Because I was having some technical blogging difficulties last week, I just posted briefly on the Bloggers Unite for Human Rights Day. In that post, I urged readers to visit the Tear It Down project website, which is the home of an initiative to tear down the detention center at Guantanamo Bay and to call attention to the practice of illegal detentions and (extraordinary) renditions. Many of my fellow bloggers posted about other worthy human rights issues, but new blogger Dr. Trott very interestingly opted instead to ask the "meta-question" in her excellent post entitled "Human Rights Even When They're Wrong?". Dr. Trott's post bemoans the dilemma of intellectuals who want to say "yes" to human rights without saying "yes" to the humanism that philosophically grounds human rights. She speculates that I, on the other hand, want to say yes to both human rights and humanism. She's probably right about that, and she did a fair job of constituting the basis upon which someone (like me) would legitimate his or her "yes, yes." But since I've been called out now by Dr. Trott as someone who holds an ultimately outdated and unsustainable position, let me try to explain how I ended up on this thin ice...
One of the things that I like about the 20th C. philosophical critiques of (largely "Enlightenment") humanism is that they are, as a group, fairly straightforward and they are easily supported by numerous and easily accessible historical facts. The dominant form of Enlightenment humanism was based upon a cadre of "essential" human characteristics and capacities-- freedom, rationality, autonomy, good will, the possession of a language and a culture conducive to deliberation, etc.-- that made possible our collective exit from the "state of nature" and set us apart as unique and special creatures with rights and dignities that not only could be demanded, but also should be protected. As we know, however, the "dark" side of this history is that restrictive interpretations of what counts as essentially "human" allowed for the exclusion of large groups of the world's population from the custody of humanist/humanitarian protections. Throughout the first two-thirds of the 20th C., more and more poeple began to call attention to these aporias of humanisn, where the legitimation of human worth seemed more and more dependent upon the denial of that worth to "suspect" humans (racial and sexual minorites, the mad, the disabled, the abnormal, the criminal, the atavistic, etc.). Inasmuch as putative human beings could be shown to lack certain prerequisite capacities like rationality or autonomy, they were disowned by humanists, resigned to the ranks of animals or infants, colonized and exploited... and, eventually, exterminated.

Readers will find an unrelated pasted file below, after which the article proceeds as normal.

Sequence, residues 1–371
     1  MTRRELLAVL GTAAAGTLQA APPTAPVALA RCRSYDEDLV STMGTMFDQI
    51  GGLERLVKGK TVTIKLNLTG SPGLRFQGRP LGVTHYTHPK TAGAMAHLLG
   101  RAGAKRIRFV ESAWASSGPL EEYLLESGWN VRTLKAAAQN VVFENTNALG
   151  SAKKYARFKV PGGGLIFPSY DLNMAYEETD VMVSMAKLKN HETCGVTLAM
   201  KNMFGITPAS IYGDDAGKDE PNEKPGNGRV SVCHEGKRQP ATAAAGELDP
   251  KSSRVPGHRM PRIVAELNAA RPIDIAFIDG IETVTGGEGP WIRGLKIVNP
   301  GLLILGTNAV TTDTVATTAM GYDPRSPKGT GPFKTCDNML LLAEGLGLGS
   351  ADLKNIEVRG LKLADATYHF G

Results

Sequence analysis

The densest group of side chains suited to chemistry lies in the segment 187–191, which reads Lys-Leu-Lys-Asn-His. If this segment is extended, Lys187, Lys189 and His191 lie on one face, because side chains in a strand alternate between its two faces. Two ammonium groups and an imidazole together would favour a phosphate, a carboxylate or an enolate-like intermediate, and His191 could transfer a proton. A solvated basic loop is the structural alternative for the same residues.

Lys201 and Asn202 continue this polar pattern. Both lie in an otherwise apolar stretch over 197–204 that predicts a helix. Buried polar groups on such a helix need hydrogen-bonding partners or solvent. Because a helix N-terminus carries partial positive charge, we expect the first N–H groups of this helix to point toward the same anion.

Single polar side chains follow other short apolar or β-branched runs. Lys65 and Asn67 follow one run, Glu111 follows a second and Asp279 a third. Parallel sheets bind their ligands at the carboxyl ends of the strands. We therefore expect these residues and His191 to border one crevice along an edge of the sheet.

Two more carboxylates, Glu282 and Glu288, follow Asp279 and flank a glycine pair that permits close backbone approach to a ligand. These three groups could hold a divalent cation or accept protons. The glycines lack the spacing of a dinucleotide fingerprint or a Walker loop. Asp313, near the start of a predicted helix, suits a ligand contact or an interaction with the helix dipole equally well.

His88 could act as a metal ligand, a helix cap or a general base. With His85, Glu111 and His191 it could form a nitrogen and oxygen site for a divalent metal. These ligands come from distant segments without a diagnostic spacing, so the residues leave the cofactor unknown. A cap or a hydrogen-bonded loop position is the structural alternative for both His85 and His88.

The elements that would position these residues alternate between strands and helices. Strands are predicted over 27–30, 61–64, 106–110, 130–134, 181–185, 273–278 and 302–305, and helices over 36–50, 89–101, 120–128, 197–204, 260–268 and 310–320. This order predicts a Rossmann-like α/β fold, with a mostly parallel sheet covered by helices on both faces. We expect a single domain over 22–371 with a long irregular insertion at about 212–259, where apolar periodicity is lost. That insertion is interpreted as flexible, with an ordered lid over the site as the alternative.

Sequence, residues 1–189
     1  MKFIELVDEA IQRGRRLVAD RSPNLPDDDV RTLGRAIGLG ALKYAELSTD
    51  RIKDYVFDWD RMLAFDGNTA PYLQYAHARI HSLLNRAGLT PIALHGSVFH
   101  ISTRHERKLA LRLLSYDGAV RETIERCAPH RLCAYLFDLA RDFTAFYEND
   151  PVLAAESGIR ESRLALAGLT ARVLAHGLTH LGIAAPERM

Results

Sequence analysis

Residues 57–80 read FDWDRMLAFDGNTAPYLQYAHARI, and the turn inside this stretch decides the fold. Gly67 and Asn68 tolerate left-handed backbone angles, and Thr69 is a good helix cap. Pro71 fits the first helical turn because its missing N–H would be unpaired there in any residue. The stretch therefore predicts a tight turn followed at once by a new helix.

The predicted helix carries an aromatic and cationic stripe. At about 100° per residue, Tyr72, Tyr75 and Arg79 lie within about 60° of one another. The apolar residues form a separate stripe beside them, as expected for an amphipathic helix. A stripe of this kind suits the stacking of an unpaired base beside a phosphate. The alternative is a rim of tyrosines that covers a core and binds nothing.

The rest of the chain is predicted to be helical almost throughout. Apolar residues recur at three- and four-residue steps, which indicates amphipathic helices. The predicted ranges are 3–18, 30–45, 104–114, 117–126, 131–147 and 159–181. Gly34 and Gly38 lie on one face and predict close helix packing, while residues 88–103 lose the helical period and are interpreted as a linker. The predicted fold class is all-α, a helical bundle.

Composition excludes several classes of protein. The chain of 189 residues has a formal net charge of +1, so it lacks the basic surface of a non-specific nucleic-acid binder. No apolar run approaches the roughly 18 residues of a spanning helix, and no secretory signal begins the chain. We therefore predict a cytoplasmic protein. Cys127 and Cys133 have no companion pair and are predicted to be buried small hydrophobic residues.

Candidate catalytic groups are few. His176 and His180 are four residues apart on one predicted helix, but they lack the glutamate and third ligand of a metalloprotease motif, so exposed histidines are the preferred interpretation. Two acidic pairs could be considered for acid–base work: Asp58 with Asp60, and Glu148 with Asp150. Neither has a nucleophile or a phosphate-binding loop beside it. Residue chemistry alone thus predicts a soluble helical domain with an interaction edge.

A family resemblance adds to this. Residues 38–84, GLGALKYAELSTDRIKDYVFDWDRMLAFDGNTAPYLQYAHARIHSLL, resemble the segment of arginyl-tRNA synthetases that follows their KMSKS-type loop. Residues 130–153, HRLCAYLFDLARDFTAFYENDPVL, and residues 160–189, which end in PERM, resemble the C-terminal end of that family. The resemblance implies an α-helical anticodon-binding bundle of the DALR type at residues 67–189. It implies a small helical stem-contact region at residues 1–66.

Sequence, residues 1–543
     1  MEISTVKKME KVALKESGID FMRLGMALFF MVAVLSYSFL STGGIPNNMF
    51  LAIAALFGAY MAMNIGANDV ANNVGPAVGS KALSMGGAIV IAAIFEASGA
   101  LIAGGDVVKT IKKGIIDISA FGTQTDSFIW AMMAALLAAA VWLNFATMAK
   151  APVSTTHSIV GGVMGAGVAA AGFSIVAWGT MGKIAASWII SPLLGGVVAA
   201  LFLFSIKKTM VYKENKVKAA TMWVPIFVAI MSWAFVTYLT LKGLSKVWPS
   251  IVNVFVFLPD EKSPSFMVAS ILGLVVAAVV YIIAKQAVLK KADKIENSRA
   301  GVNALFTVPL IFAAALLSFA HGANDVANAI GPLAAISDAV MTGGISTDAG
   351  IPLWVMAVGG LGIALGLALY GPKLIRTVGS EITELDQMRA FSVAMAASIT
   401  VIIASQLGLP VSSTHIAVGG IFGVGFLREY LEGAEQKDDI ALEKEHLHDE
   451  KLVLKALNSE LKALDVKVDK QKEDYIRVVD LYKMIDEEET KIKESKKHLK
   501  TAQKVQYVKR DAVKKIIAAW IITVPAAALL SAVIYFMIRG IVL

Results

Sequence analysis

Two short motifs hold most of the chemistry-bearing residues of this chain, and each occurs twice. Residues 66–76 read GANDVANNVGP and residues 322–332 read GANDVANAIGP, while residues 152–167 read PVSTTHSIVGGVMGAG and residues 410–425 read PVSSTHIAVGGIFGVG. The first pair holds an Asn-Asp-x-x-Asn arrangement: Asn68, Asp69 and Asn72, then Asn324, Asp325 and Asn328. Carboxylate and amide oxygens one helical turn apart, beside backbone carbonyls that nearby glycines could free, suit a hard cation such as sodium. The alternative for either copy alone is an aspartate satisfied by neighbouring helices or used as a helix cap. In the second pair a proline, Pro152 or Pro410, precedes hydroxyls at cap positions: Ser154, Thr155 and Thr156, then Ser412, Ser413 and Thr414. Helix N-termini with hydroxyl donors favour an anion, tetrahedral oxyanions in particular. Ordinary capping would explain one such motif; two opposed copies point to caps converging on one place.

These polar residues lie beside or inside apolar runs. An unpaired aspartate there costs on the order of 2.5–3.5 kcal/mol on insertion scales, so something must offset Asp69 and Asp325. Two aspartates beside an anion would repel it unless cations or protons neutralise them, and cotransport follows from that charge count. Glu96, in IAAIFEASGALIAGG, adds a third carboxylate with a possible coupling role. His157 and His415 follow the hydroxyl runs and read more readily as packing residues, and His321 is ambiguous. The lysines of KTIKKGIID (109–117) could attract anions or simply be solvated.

One response to this history, which seems to evidence a link between humanism and exploitation/opression, is to deduce that the theoretical basis of humanism is rotten to the core and it ought to be rejected outright. This response is really at the heart of Dr. Trott's post, and it can be supported by some of the work of the eminent philosophers (Agamben, Foucault, Derrida) that she references. But, of course, we know that there was and is another response to the historically "bad" practice of humanism-- that is, to try to "correct" or "perfect" the idea. This (second) response is what we see not only in the various civil rights movements of the mid-to-late twentieth century, but also in the post-Holocaust rise of the discourse surrounding "crimes against humanity" and "human rights." If the problem with old, Enlightenment humanism was that its claims to universality were dubious, the discourse of human rights aimed to correct that blindness by extending and reinforcing the idea of a universal humanity. Now, we have the benefit of the United Nations' Universal Declaration of Human Rights (UDHR), which has the force of international law and is the most widely translated document ever.